The work-from-home bill is one step closer to becoming a law

It seeks to lessen traffic congestion, too
by Drei Laurel | Oct 18, 2018
PHOTO: Elaine Lara

Tired of spending hours upon hours stuck on EDSA on your way to work? If yes, we have some good news for you.

The Philippine Senate released a statement earlier today saying that the Telecommuting Act of 2017, better known as the work-from-home bill, is one step to finally becoming a law.

The bill, authored by Senator Joel Villanueva, is now awaiting President Dutertes signature after a bicam report ratification later this month.

In the bicam report ratified by both Houses of Congress, telecommuting—a work arrangement that allows an employee in the private sector to work from an alternative workplace with the use of telecommunication and/or computer technologies—will remain as employers prerogative based on a mutual agreement, the Senate statement reads.

We are now one step closer to our goal—to produce a cohesive and strong policy that affords our workers meaningful work-life balance and an option to work under a flexible work arrangement, Senator Villanueva said in a statement.

If the work-from-home bill is enacted into law, the Department of Labor and Employment (DOLE) will provide guidelines and ensure that its fair treatment provisions are met. Below are some of the provisions:

1. Rate of pay, including overtime and night-shift differential, and other similar monetary benefits not lower than those provided in applicable laws, and collective bargaining agreements;

2. Right to rest periods, regular holidays, and special non-working days;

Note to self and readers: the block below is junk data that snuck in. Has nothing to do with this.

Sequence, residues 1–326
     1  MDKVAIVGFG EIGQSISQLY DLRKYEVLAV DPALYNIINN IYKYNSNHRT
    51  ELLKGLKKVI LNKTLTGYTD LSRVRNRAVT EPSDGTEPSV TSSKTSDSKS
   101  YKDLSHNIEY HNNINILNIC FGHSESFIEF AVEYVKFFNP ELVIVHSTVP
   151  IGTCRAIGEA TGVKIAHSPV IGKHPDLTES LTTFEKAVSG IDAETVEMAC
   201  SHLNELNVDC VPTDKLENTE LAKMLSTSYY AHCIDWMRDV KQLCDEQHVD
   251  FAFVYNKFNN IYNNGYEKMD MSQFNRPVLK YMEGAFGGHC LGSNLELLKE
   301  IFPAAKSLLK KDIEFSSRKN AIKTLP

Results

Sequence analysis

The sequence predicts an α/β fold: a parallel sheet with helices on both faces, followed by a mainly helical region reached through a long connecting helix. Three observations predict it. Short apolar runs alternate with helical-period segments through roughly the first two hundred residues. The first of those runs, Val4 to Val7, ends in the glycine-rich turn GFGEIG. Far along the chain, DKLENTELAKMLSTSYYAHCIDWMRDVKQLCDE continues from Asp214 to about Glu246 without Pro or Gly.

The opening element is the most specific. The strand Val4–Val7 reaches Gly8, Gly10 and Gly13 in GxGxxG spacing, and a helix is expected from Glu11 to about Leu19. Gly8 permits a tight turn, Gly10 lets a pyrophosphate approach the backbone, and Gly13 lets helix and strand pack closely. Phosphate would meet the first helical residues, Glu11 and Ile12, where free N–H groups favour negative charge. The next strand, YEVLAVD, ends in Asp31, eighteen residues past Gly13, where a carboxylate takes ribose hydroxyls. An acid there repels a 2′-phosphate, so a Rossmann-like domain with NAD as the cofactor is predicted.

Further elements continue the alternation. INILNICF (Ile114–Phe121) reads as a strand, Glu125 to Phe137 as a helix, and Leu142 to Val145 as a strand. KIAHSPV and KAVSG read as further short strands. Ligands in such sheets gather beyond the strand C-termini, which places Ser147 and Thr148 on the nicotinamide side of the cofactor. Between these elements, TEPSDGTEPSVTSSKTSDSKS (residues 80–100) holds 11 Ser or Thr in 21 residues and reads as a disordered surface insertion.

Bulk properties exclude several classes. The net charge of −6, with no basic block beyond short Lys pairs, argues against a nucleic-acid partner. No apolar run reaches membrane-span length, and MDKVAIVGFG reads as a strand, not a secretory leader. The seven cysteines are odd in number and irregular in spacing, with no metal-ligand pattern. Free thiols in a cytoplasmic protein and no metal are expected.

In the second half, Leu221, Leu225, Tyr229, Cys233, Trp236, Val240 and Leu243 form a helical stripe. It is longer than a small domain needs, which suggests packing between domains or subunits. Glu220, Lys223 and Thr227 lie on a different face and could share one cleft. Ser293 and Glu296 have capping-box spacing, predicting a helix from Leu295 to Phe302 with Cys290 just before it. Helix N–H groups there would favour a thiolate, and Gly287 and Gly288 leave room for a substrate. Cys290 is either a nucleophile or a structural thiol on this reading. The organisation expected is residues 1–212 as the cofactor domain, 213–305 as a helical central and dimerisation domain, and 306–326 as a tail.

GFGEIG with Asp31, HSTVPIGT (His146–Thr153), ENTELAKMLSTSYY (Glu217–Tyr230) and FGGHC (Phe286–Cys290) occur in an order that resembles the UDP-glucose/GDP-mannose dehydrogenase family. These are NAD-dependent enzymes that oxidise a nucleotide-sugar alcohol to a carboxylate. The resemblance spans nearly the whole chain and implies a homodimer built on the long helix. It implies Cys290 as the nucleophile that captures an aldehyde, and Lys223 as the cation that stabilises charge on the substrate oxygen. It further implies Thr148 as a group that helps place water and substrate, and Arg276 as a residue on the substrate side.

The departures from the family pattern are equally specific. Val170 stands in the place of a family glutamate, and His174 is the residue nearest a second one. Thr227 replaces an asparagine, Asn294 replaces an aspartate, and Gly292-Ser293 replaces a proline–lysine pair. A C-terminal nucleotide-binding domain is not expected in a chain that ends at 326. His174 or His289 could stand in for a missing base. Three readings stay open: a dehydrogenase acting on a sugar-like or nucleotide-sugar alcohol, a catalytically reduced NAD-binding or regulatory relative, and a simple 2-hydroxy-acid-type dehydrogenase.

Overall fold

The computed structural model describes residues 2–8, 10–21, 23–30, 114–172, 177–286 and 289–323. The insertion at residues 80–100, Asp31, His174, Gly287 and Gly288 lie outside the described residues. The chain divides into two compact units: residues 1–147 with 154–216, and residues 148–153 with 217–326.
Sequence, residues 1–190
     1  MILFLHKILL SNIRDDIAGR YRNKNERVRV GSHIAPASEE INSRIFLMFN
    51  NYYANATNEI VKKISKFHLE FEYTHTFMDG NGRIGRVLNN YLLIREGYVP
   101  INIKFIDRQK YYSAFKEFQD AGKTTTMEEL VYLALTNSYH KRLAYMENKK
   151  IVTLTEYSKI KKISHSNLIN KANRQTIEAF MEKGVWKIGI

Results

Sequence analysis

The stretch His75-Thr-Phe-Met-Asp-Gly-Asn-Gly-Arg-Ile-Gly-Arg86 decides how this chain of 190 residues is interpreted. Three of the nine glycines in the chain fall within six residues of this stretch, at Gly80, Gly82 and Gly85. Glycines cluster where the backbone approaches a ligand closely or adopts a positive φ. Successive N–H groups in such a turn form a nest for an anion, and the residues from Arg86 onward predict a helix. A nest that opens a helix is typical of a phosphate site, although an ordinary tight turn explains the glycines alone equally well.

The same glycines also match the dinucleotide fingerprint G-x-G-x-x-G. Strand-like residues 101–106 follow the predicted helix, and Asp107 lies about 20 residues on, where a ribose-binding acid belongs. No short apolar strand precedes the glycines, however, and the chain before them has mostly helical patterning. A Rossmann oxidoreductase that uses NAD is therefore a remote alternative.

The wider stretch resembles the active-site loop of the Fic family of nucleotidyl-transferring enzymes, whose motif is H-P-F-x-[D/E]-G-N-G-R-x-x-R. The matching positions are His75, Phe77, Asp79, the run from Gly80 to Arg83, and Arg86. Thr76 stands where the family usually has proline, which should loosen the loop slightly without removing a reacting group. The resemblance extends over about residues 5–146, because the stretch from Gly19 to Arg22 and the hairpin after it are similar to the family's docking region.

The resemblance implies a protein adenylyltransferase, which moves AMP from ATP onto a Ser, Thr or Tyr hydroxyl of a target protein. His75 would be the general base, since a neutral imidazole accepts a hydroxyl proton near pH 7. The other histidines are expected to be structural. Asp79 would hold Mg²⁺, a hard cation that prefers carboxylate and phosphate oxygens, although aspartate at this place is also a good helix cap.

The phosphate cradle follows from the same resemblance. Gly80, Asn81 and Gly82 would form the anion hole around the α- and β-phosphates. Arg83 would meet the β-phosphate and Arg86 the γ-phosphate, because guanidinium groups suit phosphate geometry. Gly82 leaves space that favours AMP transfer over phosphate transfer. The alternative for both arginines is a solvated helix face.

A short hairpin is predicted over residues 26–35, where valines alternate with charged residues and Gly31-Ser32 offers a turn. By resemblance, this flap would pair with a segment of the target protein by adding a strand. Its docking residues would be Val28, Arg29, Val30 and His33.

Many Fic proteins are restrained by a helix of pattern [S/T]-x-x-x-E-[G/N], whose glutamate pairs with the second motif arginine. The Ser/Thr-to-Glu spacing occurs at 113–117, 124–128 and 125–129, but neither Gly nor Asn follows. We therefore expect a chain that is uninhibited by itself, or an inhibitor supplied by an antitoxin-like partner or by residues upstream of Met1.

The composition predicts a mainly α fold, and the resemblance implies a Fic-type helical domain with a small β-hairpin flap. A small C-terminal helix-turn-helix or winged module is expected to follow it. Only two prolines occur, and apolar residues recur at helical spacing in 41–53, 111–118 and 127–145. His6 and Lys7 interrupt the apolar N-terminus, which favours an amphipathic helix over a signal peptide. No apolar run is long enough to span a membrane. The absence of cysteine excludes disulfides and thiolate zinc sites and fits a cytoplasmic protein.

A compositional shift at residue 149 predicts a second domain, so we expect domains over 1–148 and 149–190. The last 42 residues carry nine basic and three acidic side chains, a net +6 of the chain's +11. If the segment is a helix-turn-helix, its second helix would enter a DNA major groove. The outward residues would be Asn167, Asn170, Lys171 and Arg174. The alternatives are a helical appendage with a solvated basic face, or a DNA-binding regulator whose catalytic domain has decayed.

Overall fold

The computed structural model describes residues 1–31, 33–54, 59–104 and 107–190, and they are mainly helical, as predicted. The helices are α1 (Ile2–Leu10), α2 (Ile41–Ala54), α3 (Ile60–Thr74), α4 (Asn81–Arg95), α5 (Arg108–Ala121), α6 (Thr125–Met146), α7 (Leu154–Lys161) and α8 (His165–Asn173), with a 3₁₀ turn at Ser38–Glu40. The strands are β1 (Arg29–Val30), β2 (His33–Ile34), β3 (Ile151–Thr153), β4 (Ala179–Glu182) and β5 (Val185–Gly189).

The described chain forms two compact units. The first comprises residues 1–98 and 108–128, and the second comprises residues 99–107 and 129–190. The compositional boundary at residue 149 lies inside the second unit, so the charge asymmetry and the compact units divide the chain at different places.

3. Equivalent workload and performance standards as those of comparable workers at the employer’s premises;

4. Access to training and career-development opportunities as those of comparable workers at the employer’s premises, and be subject to the same appraisal policies covering these workers;

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5. Appropriate training on the technical equipment at their disposal, and the characteristics and conditions of telecommuting; and

6. Collective rights as the workers at the employer’s premises, and shall not be barred from communicating with workers’ representatives.

We are confident that we have placed enough safeguards in this bill that will not only promote our workers right to work-life balance and flexible work arrangement, but also ensure that the rights of home-based workers are protected by giving them equal pay, leave benefits, and promotion as their counterparts in the office, Villanueva stressed.

Once this our work-from-home bill becomes a law, we can now have a stable and consistent legal framework that can provide an enabling environment to encourage participation and enforce compliance among enterprises, big or small, he added.

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PHOTO: Elaine Lara
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